SIDNEY -- Taxidermy for Kent Allard started in part with his passion for hunting, and the art of preservation. His work has earned him some prestigious awards, including at the national level.

"This is probably the highest level, but I've received a lot of rewards. I compete in several states, at the state level, but this is a national, for the national level show," said Kent Allard of his recent recognition .

With more than 25 years experience in taxidermy, Allard has competed in several state events and recently competed at the national level. He said he's been 'competing hard' for the last five or six years. 

"I competed at the National Taxidermy competition in Sioux Falls, S.D., in July. I won three major awards. I won National Champion for a mule deer, I won National Champion for a Skin-Mount Reptile, which was a prairie rattle snake, and then the Best All-Around Taxidermist, an award for the highest scoring -- four pieces in four different categories," he said.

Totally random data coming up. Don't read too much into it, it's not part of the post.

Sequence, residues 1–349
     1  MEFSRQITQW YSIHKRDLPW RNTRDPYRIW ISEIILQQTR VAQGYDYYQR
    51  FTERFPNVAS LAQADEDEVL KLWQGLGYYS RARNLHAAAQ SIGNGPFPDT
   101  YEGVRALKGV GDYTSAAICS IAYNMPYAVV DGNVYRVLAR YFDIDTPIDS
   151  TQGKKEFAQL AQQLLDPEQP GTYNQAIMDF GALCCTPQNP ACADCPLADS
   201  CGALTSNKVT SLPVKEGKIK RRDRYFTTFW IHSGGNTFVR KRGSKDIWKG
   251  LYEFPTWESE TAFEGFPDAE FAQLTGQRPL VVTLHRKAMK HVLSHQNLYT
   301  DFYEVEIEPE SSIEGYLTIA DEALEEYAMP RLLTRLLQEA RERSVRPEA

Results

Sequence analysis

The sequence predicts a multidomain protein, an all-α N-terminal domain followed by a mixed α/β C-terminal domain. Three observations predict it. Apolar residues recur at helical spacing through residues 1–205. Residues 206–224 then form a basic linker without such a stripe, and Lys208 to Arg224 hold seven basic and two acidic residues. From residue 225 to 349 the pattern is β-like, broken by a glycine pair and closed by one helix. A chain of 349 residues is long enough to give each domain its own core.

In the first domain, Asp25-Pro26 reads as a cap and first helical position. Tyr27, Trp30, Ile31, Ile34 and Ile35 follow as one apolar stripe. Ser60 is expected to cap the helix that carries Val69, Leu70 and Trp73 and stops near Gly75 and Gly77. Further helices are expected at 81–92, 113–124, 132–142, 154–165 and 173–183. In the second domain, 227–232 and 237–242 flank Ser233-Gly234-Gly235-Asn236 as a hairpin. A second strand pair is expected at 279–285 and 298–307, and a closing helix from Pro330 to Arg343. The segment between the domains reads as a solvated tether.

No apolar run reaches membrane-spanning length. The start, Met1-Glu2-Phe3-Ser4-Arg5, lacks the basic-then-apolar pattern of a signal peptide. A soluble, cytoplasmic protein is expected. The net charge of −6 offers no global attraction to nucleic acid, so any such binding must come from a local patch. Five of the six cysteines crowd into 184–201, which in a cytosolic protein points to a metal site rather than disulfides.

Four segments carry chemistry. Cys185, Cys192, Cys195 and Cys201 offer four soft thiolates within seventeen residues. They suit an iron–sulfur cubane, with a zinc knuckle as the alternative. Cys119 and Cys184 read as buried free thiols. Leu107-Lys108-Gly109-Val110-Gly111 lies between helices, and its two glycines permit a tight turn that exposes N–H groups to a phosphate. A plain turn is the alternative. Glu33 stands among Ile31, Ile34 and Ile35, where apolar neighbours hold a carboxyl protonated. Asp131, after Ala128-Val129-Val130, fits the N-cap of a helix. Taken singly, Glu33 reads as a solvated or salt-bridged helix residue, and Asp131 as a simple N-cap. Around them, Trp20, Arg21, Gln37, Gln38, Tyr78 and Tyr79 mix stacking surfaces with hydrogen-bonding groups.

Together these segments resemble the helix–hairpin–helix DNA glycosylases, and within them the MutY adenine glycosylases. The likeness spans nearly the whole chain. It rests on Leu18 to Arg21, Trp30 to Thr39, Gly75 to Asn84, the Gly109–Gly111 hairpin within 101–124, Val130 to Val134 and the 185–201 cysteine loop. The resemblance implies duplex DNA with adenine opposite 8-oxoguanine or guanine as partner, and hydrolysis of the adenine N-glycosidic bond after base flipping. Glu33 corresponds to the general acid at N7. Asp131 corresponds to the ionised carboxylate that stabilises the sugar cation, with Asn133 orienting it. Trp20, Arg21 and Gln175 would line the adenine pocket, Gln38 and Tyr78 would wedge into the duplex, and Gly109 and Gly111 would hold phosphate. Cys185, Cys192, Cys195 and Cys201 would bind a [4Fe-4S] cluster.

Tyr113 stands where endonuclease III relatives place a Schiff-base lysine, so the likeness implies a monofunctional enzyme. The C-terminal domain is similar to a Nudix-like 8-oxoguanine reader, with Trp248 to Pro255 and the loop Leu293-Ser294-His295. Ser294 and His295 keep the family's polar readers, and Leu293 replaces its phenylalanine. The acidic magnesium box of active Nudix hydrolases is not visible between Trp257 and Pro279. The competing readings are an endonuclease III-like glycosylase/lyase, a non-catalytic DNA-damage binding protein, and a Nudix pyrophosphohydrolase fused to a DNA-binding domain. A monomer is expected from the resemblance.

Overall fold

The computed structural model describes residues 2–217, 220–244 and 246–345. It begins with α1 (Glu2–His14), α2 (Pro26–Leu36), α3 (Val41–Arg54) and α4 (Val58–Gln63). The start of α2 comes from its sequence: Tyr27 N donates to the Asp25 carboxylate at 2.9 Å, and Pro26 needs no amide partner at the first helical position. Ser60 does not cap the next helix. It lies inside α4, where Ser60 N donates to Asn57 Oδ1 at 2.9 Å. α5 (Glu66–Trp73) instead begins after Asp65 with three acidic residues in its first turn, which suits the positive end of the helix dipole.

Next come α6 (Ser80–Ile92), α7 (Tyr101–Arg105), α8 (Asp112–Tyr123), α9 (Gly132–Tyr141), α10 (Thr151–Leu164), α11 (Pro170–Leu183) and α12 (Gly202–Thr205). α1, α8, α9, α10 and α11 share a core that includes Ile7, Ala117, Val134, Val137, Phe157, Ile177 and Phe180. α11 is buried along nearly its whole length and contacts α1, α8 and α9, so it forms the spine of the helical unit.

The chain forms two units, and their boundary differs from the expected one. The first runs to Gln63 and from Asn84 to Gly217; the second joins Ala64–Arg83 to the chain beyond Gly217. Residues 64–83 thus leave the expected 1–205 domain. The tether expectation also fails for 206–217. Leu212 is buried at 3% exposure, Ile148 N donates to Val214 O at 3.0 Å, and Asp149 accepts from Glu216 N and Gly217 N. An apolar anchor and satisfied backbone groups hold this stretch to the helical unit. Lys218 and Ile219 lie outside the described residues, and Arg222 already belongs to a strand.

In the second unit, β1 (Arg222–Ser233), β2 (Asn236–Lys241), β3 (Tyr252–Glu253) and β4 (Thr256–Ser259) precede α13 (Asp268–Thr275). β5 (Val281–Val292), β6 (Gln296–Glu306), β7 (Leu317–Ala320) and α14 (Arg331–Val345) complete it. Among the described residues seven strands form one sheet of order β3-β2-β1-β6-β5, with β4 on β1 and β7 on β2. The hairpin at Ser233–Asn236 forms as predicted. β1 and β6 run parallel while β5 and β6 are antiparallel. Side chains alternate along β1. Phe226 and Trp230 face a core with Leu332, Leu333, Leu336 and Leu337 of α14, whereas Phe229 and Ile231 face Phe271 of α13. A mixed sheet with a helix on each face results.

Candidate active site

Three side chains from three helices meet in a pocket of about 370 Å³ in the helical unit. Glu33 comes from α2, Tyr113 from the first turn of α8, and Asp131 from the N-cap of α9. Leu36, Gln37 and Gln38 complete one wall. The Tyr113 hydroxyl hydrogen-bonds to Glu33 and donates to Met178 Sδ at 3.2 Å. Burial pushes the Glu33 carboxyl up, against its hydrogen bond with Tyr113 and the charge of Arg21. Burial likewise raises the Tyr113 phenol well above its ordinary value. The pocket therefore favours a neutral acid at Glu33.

Taxidermy is a process of preservation and art, a process that is often time-consuming. Allard said understanding anatomy is important, structuring the subject to look alive. Getting to the national award level requires commitment. He said it takes a lot of hours, a lot of practice, and ... a lot of failures.

"You gotta fail before you can win. It's just a lot of digging deep. And I studied with a lot of other taxidermists over the years, and continue to study with them and learn new techniques. I come up with my own. I do a lot of molding and casting of parts, and make my own parts of plastic; always striving for the next, best thing," Allard said.